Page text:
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STAR WARS: ROGUE PLANET
[ Greg Bear | 1999 ]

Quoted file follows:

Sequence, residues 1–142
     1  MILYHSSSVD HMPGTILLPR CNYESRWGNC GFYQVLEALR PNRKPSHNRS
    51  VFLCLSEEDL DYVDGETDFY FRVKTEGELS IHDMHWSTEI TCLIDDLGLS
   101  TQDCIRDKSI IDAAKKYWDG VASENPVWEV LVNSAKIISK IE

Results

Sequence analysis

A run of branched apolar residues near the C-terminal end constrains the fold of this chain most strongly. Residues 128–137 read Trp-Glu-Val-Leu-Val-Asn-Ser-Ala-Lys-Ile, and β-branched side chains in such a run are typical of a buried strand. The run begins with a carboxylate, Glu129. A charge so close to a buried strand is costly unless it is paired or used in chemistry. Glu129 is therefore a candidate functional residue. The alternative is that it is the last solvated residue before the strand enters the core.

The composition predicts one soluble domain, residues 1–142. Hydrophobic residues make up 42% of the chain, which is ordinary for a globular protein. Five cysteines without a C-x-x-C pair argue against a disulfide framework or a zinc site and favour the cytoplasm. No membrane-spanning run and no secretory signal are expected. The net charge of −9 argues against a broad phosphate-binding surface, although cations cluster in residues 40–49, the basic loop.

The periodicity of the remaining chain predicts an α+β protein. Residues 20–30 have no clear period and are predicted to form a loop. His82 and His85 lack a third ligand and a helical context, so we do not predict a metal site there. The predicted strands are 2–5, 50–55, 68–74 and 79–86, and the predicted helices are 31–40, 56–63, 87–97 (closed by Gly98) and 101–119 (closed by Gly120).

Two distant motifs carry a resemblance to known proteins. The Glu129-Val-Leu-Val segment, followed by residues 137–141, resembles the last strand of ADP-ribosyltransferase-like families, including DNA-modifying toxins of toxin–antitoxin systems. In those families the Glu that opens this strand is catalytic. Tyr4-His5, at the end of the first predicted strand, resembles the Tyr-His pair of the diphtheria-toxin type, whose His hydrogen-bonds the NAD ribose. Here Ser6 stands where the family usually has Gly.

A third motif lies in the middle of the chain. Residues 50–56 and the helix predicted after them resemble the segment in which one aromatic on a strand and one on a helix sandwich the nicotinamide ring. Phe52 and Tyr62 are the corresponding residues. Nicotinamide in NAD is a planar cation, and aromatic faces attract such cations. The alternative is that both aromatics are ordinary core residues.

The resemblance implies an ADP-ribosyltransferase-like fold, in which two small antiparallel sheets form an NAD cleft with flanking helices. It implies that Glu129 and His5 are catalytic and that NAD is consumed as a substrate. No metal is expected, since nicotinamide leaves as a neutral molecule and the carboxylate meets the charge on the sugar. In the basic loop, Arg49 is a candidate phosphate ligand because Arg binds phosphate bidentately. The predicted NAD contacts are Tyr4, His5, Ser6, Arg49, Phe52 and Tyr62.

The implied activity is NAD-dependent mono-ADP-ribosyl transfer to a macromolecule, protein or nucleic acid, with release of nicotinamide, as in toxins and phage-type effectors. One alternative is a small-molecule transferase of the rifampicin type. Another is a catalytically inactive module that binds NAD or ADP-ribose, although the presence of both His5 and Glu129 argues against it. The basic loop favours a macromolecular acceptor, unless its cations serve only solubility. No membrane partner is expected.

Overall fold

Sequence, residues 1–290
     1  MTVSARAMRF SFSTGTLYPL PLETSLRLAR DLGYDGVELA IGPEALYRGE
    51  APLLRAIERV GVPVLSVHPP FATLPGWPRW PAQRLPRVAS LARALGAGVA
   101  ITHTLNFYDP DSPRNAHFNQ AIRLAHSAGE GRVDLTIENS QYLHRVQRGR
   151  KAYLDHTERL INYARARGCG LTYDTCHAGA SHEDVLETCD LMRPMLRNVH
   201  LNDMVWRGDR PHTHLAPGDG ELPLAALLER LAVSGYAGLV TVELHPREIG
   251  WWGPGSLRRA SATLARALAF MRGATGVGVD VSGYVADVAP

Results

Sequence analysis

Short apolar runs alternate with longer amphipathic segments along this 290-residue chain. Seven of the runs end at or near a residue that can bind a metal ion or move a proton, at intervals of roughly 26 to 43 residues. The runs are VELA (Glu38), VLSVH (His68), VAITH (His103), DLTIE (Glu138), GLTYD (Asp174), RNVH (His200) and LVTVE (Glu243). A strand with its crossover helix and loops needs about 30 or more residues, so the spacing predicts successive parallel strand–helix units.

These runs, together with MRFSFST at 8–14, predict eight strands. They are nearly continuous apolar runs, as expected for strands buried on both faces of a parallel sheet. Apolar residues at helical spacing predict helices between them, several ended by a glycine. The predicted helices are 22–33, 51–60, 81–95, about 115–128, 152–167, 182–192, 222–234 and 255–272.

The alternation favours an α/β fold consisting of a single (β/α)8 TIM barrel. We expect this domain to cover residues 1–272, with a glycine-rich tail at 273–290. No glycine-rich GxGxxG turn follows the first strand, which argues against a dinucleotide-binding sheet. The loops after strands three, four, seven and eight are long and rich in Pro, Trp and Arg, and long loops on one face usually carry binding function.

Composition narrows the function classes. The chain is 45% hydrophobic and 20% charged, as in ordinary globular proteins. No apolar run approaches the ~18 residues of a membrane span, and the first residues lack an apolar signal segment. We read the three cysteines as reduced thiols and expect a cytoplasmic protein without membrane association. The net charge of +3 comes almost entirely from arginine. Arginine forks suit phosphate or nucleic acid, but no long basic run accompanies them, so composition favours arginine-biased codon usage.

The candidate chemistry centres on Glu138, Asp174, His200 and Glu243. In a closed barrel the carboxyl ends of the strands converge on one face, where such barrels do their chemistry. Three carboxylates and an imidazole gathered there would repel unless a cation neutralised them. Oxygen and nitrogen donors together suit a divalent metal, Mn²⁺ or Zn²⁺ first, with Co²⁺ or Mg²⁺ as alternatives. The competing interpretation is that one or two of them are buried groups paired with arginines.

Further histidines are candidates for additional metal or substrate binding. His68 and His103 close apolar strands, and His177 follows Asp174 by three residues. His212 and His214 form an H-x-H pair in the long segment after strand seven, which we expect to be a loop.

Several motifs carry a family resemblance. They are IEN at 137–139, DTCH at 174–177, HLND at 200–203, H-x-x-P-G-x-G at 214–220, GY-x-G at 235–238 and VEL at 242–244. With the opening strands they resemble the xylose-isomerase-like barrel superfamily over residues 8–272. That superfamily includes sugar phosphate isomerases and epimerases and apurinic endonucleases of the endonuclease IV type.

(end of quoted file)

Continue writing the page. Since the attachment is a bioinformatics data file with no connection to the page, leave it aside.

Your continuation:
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Rogue Planet - Click to view!Executed with thrust and cogitation, Rogue Planet is the first Star Wars serial authored by renowned science fiction writer Greg Bear. To encapsulate my view on it: don't make this heavily-promoted book your first Star Wars novel—because, if you do, it will likely be your last. While an original thinker, Bear's Planet is not crafted with the same flow, pace, and ingenuity of Timothy Zahn's bestsellers, thus without a real 'trilogy-esque' color. Certainly the author has less to work with, and produced an escalating drama just the same. It begins on Coruscant, with Anakin three years into his Jedi training, and no less spirited than in Episode I. The introductory scene sets up the story's chemistry: Skywalker, never short on patency, running always-steady Obi-Wan ragged with his chance-taking and zest for being a 12-year-old. The roles of teacher and apprentice are often reversed, and Obi-Wan is seriously perplexed by what he senses in the dark corners of the boy's being. The master and his padawan are sent to an uncharted world, Zonoma Sekot, to find a missing Jedi and unknot the planet's customs, culture—and rumored construction of the galaxy's fastest ships. Meanwhile, Chancellor Palpatine has disbanded the Trade Federation, secretly stockpiling their resources for a strike force of his own. Seeing great benefit in a fleet of superfast ships, Wilhuff Tarkin (a younger, less tempered 'Governor Tarkin' of the 1977 film) contracts weapons designer Raith Sienar to overtake Zonoma Sekot forcibly. However, Sienar prefers subtlety to show of force, and their quibbling is classic military banter at it's best. The plot's gist—that a conscious spirit inhabits and controls all organisms of Sekot—becomes obvious to readers early on, but annoyingly, the intuitive Jedi take 200+ pages doing so. This premise isn't all that unfamiliar to sci-fi; the pilot episode of Star Trek: The Next Generation closely resembles Planet's story structure. Another objection is Bear's overplayed, verbose style which makes it impossible to decipher many of the key locales and interiors. However, the author's expertise brings readers closer to the internal rage and resentment of Anakin that later becomes Darth Vader; his interaction with Obi-Wan; and their different perceptions of certain events. Loose and decisive, the ending builds up to Raith Sienar's invasion, young Skywalker's exuviating starship escape, and Tarkin's defeat at the hands of the Sekotans. As an authorized addition to the Star Wars saga, Rogue Planet dissects the turbulent, interpolated adolescence of the prequel trilogy's main character—and offers foreknowledge of the terribly awaited Episodes II and III.
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